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Nation & World

Gwinnett firefighter hostage standoff ends; gunman dead

ATLANTA—The gunman was killed and the four firefighters who were held hostage had minor injuries after a SWAT standoff in Gwinnett County on Wednesday.

SWAT officers used “flash-bang” or concussion grenades to catch the suspect off guard as they entered the Suwanee home around 7:30 p.m. They exchanged gunfire with the suspect, who was shot and killed. An officer was wounded, possibly in the hand or arm. The firefighters suffered some cuts and scrapes and were transported to a local hospital.

Gwinnett Police Cpl. Ed Ritter said the suspect faked a heart attack and demanded from police that his utilities and cable be turned back on. The utilities and cable had been shut off because he was having some financial problems.

“It’s a very bold act,” Gwinnett fire Capt. Thomas Rutledge said. “People can often be desperate. We don’t know what the situation could be.” Rutledge said the department is thankful that police got the firefighters out unharmed.

“It’s an incident people in public safety train for but hope never comes,” Rutledge said. “Tonight it did.” The unidentified man originally had five hostages, but released one firefighter to move the fire truck, authorities said.

SWAT went to the scene on Wednesday afternoon.

Firefighters had responded to a medical call at the home and shortly after arrival, around 3:10 p.m., they were taken hostage, authorities said.

One fire engine and one ambulance arrived in response to the call. In Gwinnett, firefighters are cross-trained as emergency medical responders and a medical emergency is a routine call for them, Rutledge said.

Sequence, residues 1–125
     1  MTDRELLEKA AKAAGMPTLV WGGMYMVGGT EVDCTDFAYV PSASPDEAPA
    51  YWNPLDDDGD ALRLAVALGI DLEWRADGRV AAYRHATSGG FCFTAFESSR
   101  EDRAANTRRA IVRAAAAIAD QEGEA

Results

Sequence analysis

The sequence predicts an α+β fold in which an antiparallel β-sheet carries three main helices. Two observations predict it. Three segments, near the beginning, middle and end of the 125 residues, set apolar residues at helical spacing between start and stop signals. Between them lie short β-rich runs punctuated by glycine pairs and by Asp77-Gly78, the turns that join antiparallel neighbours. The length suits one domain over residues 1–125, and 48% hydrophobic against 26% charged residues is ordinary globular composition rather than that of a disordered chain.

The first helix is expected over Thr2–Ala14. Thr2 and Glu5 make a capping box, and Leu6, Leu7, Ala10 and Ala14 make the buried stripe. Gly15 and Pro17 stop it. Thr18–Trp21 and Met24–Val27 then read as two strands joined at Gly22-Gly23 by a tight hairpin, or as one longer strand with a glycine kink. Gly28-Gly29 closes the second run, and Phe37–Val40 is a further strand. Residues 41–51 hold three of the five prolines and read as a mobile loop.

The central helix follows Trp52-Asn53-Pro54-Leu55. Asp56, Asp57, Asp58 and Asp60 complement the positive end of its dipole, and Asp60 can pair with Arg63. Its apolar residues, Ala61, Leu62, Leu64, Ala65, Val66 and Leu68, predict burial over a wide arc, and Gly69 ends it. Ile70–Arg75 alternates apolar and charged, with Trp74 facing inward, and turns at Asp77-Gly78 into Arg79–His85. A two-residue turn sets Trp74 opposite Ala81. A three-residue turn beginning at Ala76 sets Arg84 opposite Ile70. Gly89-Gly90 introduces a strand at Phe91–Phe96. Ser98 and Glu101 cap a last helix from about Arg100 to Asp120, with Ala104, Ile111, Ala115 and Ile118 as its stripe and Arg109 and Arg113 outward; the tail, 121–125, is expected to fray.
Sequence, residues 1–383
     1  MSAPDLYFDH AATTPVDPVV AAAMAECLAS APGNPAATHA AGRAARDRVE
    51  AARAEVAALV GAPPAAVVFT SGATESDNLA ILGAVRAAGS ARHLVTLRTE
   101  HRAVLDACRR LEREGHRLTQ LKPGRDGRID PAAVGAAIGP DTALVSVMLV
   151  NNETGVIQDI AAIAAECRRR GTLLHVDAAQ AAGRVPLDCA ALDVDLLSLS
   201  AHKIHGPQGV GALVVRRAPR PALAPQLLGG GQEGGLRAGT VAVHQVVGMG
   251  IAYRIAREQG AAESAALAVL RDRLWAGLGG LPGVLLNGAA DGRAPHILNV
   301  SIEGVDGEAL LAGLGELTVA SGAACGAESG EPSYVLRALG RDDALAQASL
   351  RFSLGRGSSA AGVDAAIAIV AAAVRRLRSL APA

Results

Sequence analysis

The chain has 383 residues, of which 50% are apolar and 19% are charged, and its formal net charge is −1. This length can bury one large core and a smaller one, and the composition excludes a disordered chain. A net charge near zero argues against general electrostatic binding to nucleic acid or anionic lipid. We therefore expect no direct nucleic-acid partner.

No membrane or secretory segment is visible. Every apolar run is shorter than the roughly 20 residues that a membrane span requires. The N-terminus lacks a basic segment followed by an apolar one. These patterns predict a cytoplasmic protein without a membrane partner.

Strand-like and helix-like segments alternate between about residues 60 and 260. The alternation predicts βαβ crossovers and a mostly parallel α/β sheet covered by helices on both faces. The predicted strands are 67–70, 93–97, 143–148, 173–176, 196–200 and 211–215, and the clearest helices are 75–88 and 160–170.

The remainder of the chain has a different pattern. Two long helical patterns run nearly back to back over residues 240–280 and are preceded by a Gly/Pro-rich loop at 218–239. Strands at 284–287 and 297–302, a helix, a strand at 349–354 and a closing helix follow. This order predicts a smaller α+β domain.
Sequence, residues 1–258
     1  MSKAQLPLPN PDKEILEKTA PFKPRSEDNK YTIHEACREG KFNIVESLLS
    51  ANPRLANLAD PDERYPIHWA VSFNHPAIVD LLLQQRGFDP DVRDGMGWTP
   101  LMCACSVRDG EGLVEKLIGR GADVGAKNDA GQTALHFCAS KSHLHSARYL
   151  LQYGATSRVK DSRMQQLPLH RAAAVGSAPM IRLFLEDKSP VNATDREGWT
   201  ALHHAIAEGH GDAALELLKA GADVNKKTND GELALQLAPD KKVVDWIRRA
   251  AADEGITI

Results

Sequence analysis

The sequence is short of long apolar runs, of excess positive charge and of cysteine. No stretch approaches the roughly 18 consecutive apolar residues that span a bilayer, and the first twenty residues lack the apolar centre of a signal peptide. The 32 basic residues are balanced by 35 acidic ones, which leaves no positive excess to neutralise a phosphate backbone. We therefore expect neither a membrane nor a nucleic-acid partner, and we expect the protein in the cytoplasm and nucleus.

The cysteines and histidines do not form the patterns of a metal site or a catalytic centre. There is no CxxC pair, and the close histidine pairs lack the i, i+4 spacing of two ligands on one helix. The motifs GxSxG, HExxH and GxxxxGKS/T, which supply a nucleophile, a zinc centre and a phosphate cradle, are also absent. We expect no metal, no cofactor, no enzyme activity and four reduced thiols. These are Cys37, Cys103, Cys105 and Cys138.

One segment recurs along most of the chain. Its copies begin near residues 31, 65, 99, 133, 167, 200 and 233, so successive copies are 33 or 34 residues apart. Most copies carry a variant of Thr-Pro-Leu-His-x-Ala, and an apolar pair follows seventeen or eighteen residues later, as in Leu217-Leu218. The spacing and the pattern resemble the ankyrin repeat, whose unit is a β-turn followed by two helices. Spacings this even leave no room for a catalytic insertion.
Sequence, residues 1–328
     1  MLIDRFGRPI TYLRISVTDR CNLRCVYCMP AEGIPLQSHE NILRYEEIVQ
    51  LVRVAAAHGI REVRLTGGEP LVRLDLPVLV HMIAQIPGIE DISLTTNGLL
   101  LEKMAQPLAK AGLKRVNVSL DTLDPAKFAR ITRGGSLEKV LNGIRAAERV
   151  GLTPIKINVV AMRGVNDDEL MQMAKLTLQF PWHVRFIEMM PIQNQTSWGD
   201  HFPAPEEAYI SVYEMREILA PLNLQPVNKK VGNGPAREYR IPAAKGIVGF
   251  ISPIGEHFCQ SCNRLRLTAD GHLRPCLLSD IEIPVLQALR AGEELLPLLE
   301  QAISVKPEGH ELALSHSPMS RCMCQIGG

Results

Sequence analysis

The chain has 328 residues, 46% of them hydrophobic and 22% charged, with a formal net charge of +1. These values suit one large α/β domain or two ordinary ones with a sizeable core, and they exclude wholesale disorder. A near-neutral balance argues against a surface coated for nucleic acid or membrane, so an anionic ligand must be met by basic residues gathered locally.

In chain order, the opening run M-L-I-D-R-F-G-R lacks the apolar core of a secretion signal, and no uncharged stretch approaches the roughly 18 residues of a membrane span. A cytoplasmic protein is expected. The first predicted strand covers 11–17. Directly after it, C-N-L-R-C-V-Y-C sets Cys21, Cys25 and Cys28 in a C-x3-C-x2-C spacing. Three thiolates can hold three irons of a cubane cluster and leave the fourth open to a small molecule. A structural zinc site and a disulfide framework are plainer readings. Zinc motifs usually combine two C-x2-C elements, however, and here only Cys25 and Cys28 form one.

He said the firefighters were given no reason to suspect they were walking into a dangerous situation, or else their protocol would have been to stage themselves outside and wait for police to enter the home first.

Residents were being prevented from entering the subdivision. Across the street, a baseball game at Collins Hill High School scheduled for 6:30 pm was delayed and students lingered around the entrance to the school to watch police activity.

Neighbor Jaime Gossan said that she and her husband live three doors down from the home where the firefighters are being held. She said her husband saw the firefighters enter the home, and later saw SWAT officers — 30 or more — surround the house. She said that her husband, who is still in the house, also saw a robot go up to the house.

Gwinnett County police have a robot equipped with microphone and speaker through which they can talk to barricaded suspects.

A Comcast cable truck was allowed into the subdivision at about 6:15 p.m.

The Walnut Grove at Richland is a newer subdivision full of two-story traditional houses, across the street from Collins Hill High School. Neighbors said it was a quiet and safe neighborhood.

“I’m blown away,” said Steven Hayes, who moved in with his fiance and two children about eight months ago, drawn from Marietta by the good schools and parks in the area. “You’d never expect this here.” His fiance, 8-month-old daughter and 4-year-old son were forced to remain in their house a few doors down from the barricaded suspect’s home as Hayes waited anxiously at the subdivision entrance Wednesday night. His fiance told Hayes that officers were coming in and out of their house to use the bathroom, and one officer had borrowed a phone charger.

“My four-year-old probably thinks amusing,” Hayes said.”It’s like TV to him.”


Angel K. Brooks and Dan Klepal contributed to this article.



©2013 The Atlanta Journal-Constitution (Atlanta, Ga.)

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